Android Studio - Unit Tests

Writing unit tests for my synchronization logic was simple because the class had no collaborators, didn't touch the UI and had no Android dependencies[1]. Usually writing unit tests is harder, you need to design your code to be testable and it takes time to see the benefits. This low effort - high reward test made me start testing more.

Do you write tests? Any interested testing stories? You can share them in the comments.

[1]except for TextUtils.isEmpty()

Posted on by:

s_anastasov profile

Stojan Anastasov

@s_anastasov

Android developer, Real Madrid Fan! I also ride a bike, sometimes.

Discussion

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Simply LOVE the "Geeks vs repetitive tasks" diagram :D

 

There is also this xkcd comic. The awesome thing here is most of the automation code (the JUnit framework) was already written for me.

 

Yep, the bulk of my unit testing experience was on PHPUnit :)

 

Great post! It feels great to automate something and save a ton of time doing it.

Test writing was a pain for me to begin with though, it really is like writing in another language. At least Ruby tests are like that anyway. What'd you think of the learning part of writing tests? Interested to hear your perspective on writing tests for Android/Java.

 

When I first started developing, testing on Android sucked. The testing support was ActivityInstrumentationTestCase and ActivityInstrumentationTestCase2 both deprecated now - which means they fucked up twice :D. All test used to run on the emulator. On top of that I didn't have any experience with testing.

As I mentioned in my article since Android Studio 1.1 testing support was improved. We can run unit test on our computers if we don't have Android dependencies.

Of course to write unit test, first you need to write testable code. We have libraries for dependency injection like dagger and dagger2. We have the same tools as in java: junit and Mokito.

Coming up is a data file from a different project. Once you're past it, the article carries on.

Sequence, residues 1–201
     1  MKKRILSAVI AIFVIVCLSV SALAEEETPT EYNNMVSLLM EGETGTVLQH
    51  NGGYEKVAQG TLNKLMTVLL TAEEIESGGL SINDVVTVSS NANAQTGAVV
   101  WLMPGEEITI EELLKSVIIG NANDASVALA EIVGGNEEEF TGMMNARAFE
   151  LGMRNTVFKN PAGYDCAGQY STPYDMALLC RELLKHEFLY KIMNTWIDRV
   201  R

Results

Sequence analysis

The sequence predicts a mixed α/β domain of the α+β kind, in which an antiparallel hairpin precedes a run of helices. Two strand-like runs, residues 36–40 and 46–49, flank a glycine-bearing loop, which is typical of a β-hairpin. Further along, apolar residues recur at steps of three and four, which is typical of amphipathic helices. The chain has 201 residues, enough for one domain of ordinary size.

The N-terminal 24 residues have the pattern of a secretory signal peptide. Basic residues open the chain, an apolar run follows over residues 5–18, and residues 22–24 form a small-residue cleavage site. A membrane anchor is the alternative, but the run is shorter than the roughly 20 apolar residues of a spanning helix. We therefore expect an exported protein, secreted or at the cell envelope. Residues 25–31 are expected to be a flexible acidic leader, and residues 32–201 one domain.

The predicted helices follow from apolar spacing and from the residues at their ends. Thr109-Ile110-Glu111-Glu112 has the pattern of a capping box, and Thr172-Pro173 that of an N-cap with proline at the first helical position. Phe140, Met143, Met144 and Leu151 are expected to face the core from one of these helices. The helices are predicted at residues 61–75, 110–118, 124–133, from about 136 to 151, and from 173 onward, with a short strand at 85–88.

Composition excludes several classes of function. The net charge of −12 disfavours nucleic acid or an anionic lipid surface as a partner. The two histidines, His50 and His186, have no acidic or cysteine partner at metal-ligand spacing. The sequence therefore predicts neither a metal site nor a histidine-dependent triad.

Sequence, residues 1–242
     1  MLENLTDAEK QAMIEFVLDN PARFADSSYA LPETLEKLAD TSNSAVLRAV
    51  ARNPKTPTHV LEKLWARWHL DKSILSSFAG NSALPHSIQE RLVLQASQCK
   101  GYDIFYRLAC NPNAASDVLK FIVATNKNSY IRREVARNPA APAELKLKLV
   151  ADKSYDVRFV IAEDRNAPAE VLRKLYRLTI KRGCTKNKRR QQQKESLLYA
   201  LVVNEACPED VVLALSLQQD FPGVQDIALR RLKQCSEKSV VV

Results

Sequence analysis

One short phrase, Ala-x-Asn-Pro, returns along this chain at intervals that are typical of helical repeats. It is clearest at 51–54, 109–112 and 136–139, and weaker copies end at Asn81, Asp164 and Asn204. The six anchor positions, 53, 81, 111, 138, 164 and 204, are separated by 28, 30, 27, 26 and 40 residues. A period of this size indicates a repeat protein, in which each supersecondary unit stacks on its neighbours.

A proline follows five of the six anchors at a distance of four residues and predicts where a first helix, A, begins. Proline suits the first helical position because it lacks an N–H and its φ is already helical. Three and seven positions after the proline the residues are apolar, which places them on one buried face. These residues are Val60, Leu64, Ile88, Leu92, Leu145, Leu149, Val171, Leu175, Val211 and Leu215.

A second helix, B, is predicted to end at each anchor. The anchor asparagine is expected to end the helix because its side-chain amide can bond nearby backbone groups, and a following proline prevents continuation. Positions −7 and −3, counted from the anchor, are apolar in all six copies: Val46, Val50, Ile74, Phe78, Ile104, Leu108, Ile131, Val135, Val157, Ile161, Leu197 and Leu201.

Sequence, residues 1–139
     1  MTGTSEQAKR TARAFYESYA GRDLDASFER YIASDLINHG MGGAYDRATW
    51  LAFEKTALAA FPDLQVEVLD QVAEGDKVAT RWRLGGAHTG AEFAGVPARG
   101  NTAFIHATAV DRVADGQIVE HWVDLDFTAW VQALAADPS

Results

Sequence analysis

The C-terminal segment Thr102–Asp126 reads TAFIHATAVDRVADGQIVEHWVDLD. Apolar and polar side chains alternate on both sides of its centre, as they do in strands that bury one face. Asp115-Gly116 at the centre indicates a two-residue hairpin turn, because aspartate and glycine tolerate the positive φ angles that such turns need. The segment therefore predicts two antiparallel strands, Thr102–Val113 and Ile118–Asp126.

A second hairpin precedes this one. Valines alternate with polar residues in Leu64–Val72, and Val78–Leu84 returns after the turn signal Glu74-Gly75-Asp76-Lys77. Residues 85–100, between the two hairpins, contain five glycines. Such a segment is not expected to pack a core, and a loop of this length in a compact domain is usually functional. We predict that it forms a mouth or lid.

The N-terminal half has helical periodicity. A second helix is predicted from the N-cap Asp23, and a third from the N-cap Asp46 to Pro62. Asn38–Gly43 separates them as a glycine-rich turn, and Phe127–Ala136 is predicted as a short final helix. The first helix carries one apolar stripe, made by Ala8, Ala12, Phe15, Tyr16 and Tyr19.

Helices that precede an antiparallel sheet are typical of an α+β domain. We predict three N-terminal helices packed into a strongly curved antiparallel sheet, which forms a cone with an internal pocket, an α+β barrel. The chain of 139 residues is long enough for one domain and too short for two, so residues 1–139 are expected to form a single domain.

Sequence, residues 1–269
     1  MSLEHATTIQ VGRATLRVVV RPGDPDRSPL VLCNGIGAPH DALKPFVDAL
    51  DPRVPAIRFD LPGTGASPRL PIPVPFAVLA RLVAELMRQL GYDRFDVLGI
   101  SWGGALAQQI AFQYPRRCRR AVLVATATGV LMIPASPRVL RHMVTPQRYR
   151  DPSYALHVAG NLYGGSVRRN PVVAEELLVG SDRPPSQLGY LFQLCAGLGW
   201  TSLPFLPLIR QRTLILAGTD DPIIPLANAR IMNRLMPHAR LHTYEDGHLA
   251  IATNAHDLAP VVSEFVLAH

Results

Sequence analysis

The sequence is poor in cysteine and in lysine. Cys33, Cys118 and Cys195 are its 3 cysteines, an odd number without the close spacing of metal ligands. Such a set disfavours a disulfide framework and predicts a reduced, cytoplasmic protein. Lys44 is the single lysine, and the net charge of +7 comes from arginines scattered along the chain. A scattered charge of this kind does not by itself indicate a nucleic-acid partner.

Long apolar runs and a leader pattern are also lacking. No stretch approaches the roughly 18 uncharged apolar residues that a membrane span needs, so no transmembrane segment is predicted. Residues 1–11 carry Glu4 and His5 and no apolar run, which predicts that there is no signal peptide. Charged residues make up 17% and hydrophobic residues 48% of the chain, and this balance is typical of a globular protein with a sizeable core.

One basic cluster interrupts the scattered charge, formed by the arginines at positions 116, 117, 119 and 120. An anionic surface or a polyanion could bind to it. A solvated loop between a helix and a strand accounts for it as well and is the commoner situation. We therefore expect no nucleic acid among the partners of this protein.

For UI tests we have Espresso. Android studio can record our interactions with the app and write tests code for us.

In the last Google I/O we got a few new Architecture components which help us build our app in a more modular and testable way.

As the testing support in the platform grow, my testing skills also get better and I write more tests. I still not at a place where I want to be, but I am getting there.

 

This is great. I have experienced similar things although working in a different field (Embedded software). You struggle with complex database setup and access. In Embedded it's the programming of the software into the target microcontroller and remote debugging that slows you down.

 

I'm all for automation but you need to point out that the automation will cost something forever more. It might still be more efficient to automate but automation isn't without cost; it's not a nirvana.

Depending on your system, the benefit of automation is not always worth the cost. Highly coupled systems (e.g. UI to dB entities) are expensive to test anything beyond the simplest atomic level. Do try to get clearance from whoever is paying for your code because they may prefer the human method as the business value of test automation is low.

 

Very nice! To Start something new is always complicated, but with study and persistence you can reach.

 
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I have no experience with angular. But if the functions are too big or do too much it would be difficult to test them. To make them more testable you could try splitting them.

 
 
 

Time for some mutation testing .. :)